Scuba divers from the U.S. Fish and Wildlife Service have spent the past three days in north-central Montana, scouring the waters of Tiber Dam for any signs of aquatic invasive mussels.
Last October, a juvenile mussel was found in a water sample from Tiber Reservoir by the Bureau of Reclamation, and suspicious samples were discovered in Canyon Ferry Reservoir, near Townsend. Since then, the state has ramped up its efforts to stave off a potentially destructive infestation of non-native quaqqa and zebra mussels.
MontanaPBS producer Beth Saboe who was at Tiber Dam earlier this week with the divers joined us with an update.
Eric Whitney: Beth, thanks for joining us on Montana Public Radio.
Beth Saboe: Thanks for having me.
Whitney: Why were these scuba divers brought in, and what were they looking for?
Saboe: This team of five divers was brought in by the request of Montana Fish, Wildlife & Parks to search underwater for visual or tactile confirmation of adult mussels. Tiber Reservoir was the first water body in the state to ever test positive for quagga or zebra mussels. A juvenile mussel, or "veliger," was found last fall, so state officials are trying to determine if an adult population has been established.
Now the divers — there were three women and two men — they were all federal wildlife officers from Montana, Wyoming and South Dakota, and over the course of the past three days, they spent several hours scouring the rock face of Tiber Dam. Zebra and quagga mussels like to attache to hard surfaces, so that's why they were focusing on the dam face. And so, the divers were there to get visual confirmation of these adult mussels, and before leaving shore, wildlife officer Deb Goeb showed the team how to collect what they call a "scrape specimen," if they were found.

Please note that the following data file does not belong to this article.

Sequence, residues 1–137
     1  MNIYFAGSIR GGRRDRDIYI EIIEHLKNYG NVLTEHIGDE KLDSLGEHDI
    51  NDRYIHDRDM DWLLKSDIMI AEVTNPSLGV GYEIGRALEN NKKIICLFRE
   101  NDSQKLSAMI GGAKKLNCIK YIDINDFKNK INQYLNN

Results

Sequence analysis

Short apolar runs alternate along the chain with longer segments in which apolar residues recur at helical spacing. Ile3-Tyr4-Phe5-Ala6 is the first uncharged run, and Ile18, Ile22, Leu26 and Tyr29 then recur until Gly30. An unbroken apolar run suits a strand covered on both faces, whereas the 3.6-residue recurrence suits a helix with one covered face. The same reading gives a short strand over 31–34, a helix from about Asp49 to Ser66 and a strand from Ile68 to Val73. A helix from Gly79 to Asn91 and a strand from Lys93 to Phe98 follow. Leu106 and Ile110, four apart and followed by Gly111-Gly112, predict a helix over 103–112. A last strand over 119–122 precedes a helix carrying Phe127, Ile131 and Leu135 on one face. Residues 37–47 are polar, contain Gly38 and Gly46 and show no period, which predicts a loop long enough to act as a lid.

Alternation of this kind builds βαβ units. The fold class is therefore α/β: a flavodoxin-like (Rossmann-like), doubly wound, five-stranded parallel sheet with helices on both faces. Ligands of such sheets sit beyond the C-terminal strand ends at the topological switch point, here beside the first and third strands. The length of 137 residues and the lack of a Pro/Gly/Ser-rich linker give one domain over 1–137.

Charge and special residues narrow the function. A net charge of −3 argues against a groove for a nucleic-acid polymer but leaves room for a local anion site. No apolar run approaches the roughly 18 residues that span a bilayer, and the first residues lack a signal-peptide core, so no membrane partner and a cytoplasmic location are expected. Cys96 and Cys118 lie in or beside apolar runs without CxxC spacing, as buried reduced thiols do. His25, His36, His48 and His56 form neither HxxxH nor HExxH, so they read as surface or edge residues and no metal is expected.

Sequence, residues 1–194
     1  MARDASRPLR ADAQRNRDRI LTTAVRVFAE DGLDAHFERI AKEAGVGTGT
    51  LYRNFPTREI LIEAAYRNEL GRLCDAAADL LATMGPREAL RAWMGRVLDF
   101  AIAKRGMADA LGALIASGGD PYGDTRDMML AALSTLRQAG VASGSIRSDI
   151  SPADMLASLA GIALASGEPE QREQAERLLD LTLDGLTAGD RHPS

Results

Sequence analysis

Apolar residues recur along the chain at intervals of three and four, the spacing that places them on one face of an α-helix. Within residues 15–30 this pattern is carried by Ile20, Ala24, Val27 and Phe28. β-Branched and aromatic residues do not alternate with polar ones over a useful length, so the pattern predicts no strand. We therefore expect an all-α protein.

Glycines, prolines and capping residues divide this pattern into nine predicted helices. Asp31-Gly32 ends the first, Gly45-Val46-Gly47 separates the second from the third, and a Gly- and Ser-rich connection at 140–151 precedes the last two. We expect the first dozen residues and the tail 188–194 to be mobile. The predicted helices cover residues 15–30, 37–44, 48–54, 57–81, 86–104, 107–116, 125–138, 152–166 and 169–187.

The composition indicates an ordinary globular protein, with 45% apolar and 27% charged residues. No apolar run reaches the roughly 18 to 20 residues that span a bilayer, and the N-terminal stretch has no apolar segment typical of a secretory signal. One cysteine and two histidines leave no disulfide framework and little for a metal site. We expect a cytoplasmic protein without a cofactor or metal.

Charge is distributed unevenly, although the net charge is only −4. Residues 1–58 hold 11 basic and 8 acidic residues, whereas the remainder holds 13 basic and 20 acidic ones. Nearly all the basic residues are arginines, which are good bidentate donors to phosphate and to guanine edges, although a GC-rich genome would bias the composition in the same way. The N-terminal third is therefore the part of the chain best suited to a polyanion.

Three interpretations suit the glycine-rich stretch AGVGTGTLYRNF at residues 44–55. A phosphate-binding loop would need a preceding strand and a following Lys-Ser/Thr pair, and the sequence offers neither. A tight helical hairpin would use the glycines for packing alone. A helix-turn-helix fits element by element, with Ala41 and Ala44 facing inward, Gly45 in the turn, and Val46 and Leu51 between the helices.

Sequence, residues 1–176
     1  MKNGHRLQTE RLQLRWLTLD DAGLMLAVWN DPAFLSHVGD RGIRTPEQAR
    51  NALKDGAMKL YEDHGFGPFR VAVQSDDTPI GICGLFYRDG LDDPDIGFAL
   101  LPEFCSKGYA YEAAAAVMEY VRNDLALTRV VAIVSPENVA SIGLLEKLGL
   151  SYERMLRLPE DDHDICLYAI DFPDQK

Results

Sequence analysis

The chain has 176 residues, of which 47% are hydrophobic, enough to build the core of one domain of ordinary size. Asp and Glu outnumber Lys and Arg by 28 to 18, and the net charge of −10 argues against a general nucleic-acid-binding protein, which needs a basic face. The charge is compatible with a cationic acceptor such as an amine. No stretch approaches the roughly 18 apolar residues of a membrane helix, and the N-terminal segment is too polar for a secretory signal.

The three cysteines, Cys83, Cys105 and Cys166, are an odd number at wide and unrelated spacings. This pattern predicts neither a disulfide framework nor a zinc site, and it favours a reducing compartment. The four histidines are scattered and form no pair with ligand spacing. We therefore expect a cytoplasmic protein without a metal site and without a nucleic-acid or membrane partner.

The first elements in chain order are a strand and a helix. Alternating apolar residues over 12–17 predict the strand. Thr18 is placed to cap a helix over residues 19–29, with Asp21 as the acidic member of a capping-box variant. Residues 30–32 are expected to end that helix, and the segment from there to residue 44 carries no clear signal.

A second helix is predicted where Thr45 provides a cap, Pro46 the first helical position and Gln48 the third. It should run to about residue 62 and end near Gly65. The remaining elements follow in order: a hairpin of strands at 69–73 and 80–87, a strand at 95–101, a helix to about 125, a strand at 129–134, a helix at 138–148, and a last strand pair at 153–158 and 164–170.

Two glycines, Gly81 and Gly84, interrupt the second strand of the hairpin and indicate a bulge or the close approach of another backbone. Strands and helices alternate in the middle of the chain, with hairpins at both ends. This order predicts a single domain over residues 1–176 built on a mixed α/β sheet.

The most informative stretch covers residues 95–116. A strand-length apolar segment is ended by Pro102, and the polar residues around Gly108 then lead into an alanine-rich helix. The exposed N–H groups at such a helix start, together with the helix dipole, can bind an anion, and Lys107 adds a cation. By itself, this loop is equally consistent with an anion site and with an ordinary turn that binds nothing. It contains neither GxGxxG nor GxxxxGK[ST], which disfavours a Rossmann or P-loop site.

"So, it's on a surface, whether it's face up like this, or underneath a rock, or sideways — again, you're not going to be able to pull it off, not with your fingers, they attach like little mighty mouses on there. Put that on there, and very quickly, that [scraping sound]. You'll scrape it off, and if it's on this kind of a surface you have to carefully lift up and get 'er in there."
Whitney: Did they find any signs of an infestation?
Saboe: The good news is that, no, they did not see any evidence of adult mussels in Tiber. Deb told me she did find a rusty old pipe underwater — which is prime habitat for these mussels because they are particularly fond of attaching to metal — but it was mussel free, which she took to be a very good sign.
Whitney: What's the next step for the state in the fight against these invasive species? Are there plans for more dives at Tiber or Canyon Ferry Reservoir?
Saboe: There aren't any more dives scheduled that I"m aware of. Montana FWP officials are understandably pleased that no mussels were found, and will continue to test water samples at each reservoir along with a number of other water bodies across the state. Of course, if any future samples were to test positive for veligers [juvenile mussels] or larvae, then divers might be used again. But, overall, FWP is really putting a lot of emphasis on educating boaters about keeping their boats clean, drained and dry; and running the various inspection stations around the state to check watercraft for mussels and decontaminate them if needed.
Whitney: Beth Saboe with MontanaPBS, thanks for joining us.
Saboe: Thanks for having me.